The starting point for Hildegard’s deeper understanding of viriditas is the Biblical passage from the beginning of John: “In the beginning was the Word, and the Word was with God and the Word was God.” Fine, I can hear you thinking–but what does the Word have to do with “greening power” or “life force”? Well, that’s the interesting part. Hildegard moves freely between a variety of words and concepts in her work, grasping at different ways for conveying the power of what she has experienced in her visions. (3) Bear with me, here, because I’m going to quote at length from one of her passages where I think you can see her many streams of thought coming together–from her use of elemental imagery (earth, air, fire), to her deployment of the term viriditas, to her relation of all these things to Reason and the Word. This is from her Book of Divine Works (Liber divinorum operum), and she is speaking in the voice of the divine being she observed in her first vision:
“I, the fiery life of divine essence, am aflame beyond the beauty of the meadows; I gleam in the waters; and I burn in the sun, moon, and stars. With every breeze, as with invisible life that contains everything, I awaken everything to life. The air lives in green-ness (viriditas) and in flowers, waters flow as if alive, the sun, too, lives in his light. . . .And thus I remain hidden in every kind of reality as a fiery power. Everything burns because of me in such a way as our breath constantly moves us, like the wind-tossed flame in a fire. All of this lives in its essence, and there is no death in it. For I am life. I am also Reason, which bears within itself the breath of the resounding Word, through which the whole of creation is made. I breathe life into everything so that nothing is mortal in respect to its species. For I am life. . . .Reason is the root, the resounding Word blooms out of it. Since God is Reason, how could it be that God, who causes all divine actions to come to fruition through human beings, is not active?…For this life is God, who is always in motion and constantly in action…” (4)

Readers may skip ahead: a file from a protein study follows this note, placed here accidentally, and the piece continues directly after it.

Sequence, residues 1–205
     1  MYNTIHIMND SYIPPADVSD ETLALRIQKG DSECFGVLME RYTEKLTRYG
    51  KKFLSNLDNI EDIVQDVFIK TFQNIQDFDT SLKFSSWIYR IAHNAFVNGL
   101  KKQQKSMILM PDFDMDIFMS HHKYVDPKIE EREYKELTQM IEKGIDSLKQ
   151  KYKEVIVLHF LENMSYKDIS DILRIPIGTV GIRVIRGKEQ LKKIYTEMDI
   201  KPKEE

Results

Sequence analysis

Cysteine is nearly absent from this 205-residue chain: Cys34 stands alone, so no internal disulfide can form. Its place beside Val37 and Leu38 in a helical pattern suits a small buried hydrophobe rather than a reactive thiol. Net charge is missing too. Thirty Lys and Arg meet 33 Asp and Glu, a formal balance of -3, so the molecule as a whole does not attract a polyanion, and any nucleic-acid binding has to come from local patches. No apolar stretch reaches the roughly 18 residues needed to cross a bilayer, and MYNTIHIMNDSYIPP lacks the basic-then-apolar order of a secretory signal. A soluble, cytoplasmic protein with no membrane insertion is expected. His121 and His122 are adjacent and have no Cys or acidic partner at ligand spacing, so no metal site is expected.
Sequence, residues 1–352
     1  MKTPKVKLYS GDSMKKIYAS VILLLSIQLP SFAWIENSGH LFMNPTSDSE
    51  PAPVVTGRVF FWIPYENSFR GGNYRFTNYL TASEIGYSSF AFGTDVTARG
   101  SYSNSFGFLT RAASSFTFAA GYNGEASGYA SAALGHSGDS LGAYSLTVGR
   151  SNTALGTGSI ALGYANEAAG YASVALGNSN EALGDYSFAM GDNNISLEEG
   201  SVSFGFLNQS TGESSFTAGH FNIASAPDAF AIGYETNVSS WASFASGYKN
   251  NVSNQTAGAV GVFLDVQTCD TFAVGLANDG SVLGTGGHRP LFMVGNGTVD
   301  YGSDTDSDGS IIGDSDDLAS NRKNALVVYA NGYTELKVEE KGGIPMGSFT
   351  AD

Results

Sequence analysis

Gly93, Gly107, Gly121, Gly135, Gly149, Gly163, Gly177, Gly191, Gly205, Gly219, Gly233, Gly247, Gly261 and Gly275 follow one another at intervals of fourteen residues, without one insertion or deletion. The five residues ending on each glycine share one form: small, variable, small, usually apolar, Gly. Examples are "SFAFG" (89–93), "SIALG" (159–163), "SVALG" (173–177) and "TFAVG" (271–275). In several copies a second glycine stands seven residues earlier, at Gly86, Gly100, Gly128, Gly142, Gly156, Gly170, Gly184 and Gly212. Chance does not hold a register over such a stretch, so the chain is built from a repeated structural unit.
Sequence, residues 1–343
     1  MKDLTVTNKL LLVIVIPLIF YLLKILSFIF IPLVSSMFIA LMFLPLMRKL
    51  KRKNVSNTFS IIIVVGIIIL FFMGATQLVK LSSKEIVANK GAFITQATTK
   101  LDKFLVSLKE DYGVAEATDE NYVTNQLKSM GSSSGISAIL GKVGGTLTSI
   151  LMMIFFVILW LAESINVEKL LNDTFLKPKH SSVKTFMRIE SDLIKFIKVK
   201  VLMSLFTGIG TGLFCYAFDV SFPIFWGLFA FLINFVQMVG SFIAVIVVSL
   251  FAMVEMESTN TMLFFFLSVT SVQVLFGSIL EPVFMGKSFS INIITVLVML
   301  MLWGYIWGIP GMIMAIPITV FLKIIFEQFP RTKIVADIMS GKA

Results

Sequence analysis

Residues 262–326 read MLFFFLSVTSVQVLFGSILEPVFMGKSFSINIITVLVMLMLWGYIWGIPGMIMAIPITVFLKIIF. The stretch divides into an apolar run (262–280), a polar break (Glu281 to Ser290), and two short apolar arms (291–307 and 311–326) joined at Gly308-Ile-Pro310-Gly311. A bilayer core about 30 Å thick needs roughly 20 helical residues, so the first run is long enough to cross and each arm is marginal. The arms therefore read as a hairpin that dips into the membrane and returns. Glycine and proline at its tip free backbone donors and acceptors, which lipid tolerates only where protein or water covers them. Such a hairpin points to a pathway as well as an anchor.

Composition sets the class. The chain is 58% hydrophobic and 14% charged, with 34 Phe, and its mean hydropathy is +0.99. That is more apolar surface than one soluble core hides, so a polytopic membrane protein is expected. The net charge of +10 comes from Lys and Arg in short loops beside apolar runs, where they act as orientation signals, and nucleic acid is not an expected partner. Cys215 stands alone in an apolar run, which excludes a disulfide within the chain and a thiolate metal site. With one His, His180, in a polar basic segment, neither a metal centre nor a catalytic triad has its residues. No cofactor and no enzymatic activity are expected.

So…just in case that was a little long and heavy for you, here’s the recap: God is Life, Viriditas, Fiery power, and Reason. As such, God is active. “Well,” you might say, “Big deal. Of course God is active. What’s the point of an inactive, dead God?” I think, though, that when Hildegard uses so many different terms and ideas in this one passage, she’s trying to get at something quite different than the usual idea that God, as a person or proper noun (even as “Person” with capital “P”) performs actions. Rather, she’s suggesting that God somehow is action. Or at least, that God cannot be understood outside the realm of action. Look at the words she uses–life, viriditas, fiery power (and flames), Reason. These things (if you can call them “things”) all exist in the boundary between matter and energy. God, in other words, is not a thing, not a noun. God is a verb.